The information age
HSTM20282 (10-credit); HSTM20782 (20-credit)
UCOL20282 (10-credit); UCOL20782 (20-credit)
Semester Two, Thursdays, 16.00-18.00
Contact: Dr James Sumner
How did information-processing equipment come to dominate, by the beginning of the twenty-first century, so many areas of human life? Who are the winners and losers in a computerised, automated, data-driven world? Is “information technology” applied computer science, or applied bureaucracy? This course tries to answer this question by tracing the histories of a range of technological developments, from the mechanical calculating machines of the nineteenth century to the global networked systems of today.
The course is equally suitable for computer science students and those who have never studied the field, but are interested in learning more about the background of one of the dominant technologies of our time.
Intended Learning Outcomes
By the end of this unit, it is expected that a student taking the 10 credit version will
- have a good working knowledge of major developments in the history of information technology, particularly from the Second World War onwards
- have developed skills in critical reasoning and analysis, understanding the different motivations of historical characters in the history of information technology, and the differences in the ways they interpret and describe events
- be able to appreciate, and display the ability to analyse and discuss, the different factors - social, technical, sometimes accidental - which shape the history of computing, and the definition of the computer and its users
In addition, a student taking the 20 credit version will
- have defined (in consultation with the lecturer) a research project in the history of computing
- be able to find, and assess critically, relevant primary and secondary sources
- have produced, with full scholarly apparatus, a report (or alternative piece of work, subject to the lecturer’s approval) based on this research.
Lectures and seminars are likely to cover the following themes:
- Charles Babbage and mechanical calculation
- Managing information before the digital computer
- Early digital computers and the power of legends
- Robots in reality and fiction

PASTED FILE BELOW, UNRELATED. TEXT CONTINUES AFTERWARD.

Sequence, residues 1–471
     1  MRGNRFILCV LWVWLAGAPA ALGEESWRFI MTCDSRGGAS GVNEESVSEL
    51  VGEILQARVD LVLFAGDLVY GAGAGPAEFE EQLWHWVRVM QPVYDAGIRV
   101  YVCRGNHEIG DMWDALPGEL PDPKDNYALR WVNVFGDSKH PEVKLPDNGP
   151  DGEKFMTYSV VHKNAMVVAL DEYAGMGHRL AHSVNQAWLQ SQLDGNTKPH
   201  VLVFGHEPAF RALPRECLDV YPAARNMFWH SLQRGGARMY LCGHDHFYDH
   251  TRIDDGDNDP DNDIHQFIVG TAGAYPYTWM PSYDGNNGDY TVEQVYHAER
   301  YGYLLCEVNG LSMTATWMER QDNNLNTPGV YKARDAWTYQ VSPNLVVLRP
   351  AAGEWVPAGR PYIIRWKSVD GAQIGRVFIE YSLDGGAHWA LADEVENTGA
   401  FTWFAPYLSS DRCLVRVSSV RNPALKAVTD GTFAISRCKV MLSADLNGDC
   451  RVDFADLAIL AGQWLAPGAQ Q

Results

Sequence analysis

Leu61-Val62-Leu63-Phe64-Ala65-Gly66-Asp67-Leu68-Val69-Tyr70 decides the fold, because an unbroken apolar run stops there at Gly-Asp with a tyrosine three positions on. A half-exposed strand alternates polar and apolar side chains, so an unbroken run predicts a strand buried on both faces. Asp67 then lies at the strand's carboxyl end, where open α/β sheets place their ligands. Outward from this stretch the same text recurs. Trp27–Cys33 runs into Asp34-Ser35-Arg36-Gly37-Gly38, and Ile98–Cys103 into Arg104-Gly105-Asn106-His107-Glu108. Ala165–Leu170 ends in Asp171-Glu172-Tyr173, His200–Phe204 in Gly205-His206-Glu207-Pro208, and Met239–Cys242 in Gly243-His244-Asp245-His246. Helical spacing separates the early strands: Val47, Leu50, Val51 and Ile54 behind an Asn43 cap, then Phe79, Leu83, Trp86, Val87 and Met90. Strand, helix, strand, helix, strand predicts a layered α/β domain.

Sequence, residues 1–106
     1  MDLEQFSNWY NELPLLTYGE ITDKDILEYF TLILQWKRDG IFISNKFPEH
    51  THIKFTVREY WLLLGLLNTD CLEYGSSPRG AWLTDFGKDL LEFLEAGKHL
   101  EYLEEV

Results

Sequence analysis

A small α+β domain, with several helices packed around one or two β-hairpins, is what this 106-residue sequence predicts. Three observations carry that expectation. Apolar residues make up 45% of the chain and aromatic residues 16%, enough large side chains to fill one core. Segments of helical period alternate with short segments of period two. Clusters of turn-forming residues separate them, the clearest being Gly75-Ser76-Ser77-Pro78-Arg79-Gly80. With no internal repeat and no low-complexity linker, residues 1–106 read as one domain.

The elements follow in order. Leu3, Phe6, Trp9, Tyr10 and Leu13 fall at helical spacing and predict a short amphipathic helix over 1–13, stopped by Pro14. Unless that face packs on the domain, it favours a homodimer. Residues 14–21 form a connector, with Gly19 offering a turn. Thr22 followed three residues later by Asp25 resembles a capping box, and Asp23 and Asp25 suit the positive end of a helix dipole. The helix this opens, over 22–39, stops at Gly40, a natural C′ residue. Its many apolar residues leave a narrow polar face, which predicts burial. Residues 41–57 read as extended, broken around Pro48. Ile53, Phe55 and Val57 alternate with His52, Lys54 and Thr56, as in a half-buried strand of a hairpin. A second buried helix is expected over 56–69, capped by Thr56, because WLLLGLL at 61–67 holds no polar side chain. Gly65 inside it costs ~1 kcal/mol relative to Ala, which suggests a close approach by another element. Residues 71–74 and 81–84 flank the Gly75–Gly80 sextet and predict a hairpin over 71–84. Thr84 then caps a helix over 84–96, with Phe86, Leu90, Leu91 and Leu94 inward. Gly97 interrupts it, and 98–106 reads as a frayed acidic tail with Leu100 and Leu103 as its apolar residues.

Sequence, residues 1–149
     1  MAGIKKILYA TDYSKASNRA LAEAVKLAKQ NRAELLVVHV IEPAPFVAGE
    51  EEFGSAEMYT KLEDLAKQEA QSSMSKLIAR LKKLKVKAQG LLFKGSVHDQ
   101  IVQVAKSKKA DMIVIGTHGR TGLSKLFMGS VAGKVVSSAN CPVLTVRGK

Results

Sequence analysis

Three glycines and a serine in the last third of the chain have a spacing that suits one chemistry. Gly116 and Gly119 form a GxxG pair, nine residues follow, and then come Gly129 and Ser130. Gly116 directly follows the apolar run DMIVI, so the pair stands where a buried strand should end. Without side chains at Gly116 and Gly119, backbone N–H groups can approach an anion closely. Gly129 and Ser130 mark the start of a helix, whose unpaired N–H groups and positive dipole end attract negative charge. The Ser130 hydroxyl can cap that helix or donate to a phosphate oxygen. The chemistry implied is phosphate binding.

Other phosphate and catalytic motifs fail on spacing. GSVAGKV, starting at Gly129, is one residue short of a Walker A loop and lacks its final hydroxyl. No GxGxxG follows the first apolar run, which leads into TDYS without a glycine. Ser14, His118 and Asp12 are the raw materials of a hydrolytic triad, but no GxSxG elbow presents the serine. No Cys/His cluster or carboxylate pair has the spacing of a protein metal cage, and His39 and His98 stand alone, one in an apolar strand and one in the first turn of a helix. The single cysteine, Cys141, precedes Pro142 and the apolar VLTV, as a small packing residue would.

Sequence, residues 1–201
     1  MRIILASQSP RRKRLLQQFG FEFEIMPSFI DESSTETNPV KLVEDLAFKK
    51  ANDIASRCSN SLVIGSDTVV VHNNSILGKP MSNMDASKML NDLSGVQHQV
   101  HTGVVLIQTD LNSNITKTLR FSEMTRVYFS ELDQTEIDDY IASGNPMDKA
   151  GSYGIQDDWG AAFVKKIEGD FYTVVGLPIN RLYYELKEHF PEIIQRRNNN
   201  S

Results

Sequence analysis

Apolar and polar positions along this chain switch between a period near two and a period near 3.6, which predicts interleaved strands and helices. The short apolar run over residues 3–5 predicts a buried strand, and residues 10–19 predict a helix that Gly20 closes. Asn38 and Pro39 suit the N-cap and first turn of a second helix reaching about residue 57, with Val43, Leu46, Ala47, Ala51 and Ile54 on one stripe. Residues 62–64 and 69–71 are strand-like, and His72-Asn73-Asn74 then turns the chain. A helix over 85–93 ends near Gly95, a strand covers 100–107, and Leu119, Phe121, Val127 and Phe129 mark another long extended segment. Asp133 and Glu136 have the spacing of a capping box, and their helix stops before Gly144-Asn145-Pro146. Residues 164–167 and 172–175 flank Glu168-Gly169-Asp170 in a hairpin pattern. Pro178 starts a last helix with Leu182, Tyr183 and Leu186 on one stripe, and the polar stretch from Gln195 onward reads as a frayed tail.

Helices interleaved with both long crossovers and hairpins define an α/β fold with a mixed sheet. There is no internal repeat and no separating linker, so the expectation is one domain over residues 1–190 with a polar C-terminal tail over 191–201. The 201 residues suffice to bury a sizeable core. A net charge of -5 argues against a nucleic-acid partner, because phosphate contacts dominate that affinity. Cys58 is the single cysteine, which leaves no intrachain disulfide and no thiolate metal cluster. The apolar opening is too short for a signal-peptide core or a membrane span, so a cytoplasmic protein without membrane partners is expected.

- Alan Turing and thinking machines
- The 1980s: computers in the home
- Women, men and computers
- Information-age fears
- Boffins, wizards, hackers and nerds: images of ‘computer people’
- Living in the information age: identity, privacy and power
10 credit unit (HSTM20282) - 1500 word essay (50%); 2 hour exam (50%)
20 credit unit (HSTM20782) - 1500 word essay (25%); 2 hour exam (25%); extended project of around 3000 words (50%)
Students may ask questions at any time during lectures and seminars. Teaching staff will answer specific queries by email and during office hours, and will provide contact details in the course handbook or at lectures. All submitted coursework will be returned with annotations and an assessment sheet explaining the mark awarded.
In addition, students on the 20-credit version (HSTM20782) will receive comments on the progress of their projects through individual supervision meetings.
Oral communication - Half the classroom time each week is devoted to seminar discussion based on a reading or research task. All students will be involved in oral discussion.
Written communication - All students write a 1500-word essay in standard humanities form, and receive individual written feedback.
Innovation/Creativity - Throughout the course, students are expected to give their own interpretations of the ideas and narratives presented, through in-class discussion and in their written work.
Research - All assessed work is based on independent source research.
Analytical skills - All work on this course involves the critical examination of source materials (who wrote this, when and why? What was the intended audience? Did it have the intended effect?...)
Problem solving - All essay-writing is a form of problem-solving!
Other - This course has a particularly broad intake from across the University, and provides opportunities to interact with students trained in a wide range of disciplines.
- Martin Campbell-Kelly and William Aspray, Computer: a history of the information machine, 2nd ed. Boulder: Westview 2004 (required)
- Eric Swedin and David Ferro, Computers: the life story of a technology. Baltimore: Johns Hopkins University Press 2005 (Recommended)
- Paul Ceruzzi, A History of Modern Computing, 2nd ed. Cambridge, Mass: MIT Press 2003 (Recommended)
- Steven Levy, Hackers: heroes of the computer revolution, updated edition. London: Penguin 2001 (Recommended)
- Sherry Turkle, Alone Together: Why We Expect More from Technology and Less from Each Other. New York: Basic 2011 (Recommended)
Dr James Sumner
A recent copy of the course outline is available to view (pdf). Please note that course content may change in the next academic year.